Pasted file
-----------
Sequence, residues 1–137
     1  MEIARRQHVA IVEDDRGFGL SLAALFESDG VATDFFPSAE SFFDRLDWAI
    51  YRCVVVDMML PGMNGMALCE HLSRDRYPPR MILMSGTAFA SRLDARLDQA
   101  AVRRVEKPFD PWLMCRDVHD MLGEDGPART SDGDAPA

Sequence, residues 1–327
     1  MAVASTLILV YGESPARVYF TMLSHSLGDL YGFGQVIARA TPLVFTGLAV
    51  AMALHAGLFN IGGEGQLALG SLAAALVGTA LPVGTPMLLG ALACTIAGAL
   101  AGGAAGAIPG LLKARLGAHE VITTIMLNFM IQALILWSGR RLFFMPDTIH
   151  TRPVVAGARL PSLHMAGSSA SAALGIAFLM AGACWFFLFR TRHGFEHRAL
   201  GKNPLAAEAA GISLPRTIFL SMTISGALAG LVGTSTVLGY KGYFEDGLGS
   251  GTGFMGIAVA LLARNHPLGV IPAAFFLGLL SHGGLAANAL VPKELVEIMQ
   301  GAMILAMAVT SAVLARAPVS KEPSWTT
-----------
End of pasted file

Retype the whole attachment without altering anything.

Sequence, residues 1–137
     1  MEIARRQHVA IVEDDRGFGL SLAALFESDG VATDFFPSAE SFFDRLDWAI
    51  YRCVVVDMML PGMNGMALCE HLSRDRYPPR MILMSGTAFA SRLDARLDQA
   101  AVRRVEKPFD PWLMCRDVHD MLGEDGPART SDGDAPA

Sequence, residues 1–327
     1  MAVASTLILV YGESPARVYF TMLSHSLGDL YGFGQVIARA TPLVFTGLAV
    51  AMALHAGLFN IGGEGQLALG SLAAALVGTA LPVGTPMLLG ALACTIAGAL
   101  AGGAAGAIPG LLKARLGAHE VITTIMLNFM IQALILWSGR RLFFMPDTIH
   151  TRPVVAGARL PSLHMAGSSA SAALGIAFLM AGACWFFLFR TRHGFEHRAL
   201  GKNPLAAEAA GISLPRTIFL SMTISGALAG LVGTSTVLGY KGYFEDGLGS
   251  GTGFMGIAVA LLARNHPLGV IPAAFFLGLL SHGGLAANAL VPKELVEIMQ
   301  GAMILAMAVT SAVLARAPVS KEPSWTT